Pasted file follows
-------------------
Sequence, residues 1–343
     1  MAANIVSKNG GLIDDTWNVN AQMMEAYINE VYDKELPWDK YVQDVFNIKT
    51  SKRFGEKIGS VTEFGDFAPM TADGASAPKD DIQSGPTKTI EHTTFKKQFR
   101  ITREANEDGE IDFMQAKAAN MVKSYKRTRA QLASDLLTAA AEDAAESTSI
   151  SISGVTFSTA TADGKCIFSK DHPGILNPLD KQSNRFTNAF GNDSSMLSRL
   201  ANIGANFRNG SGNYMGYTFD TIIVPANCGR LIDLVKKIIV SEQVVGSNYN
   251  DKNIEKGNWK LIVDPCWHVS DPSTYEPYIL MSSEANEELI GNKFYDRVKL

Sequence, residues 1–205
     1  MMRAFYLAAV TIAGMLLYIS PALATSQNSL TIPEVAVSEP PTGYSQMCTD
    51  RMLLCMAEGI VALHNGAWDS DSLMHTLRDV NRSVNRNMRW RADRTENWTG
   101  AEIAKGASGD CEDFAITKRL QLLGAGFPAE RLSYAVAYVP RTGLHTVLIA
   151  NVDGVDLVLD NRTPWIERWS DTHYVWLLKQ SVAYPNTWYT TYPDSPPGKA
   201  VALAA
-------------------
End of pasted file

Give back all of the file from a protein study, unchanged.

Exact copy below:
Sequence, residues 1–343
     1  MAANIVSKNG GLIDDTWNVN AQMMEAYINE VYDKELPWDK YVQDVFNIKT
    51  SKRFGEKIGS VTEFGDFAPM TADGASAPKD DIQSGPTKTI EHTTFKKQFR
   101  ITREANEDGE IDFMQAKAAN MVKSYKRTRA QLASDLLTAA AEDAAESTSI
   151  SISGVTFSTA TADGKCIFSK DHPGILNPLD KQSNRFTNAF GNDSSMLSRL
   201  ANIGANFRNG SGNYMGYTFD TIIVPANCGR LIDLVKKIIV SEQVVGSNYN
   251  DKNIEKGNWK LIVDPCWHVS DPSTYEPYIL MSSEANEELI GNKFYDRVKL

Sequence, residues 1–205
     1  MMRAFYLAAV TIAGMLLYIS PALATSQNSL TIPEVAVSEP PTGYSQMCTD
    51  RMLLCMAEGI VALHNGAWDS DSLMHTLRDV NRSVNRNMRW RADRTENWTG
   101  AEIAKGASGD CEDFAITKRL QLLGAGFPAE RLSYAVAYVP RTGLHTVLIA
   151  NVDGVDLVLD NRTPWIERWS DTHYVWLLKQ SVAYPNTWYT TYPDSPPGKA
   201  VALAA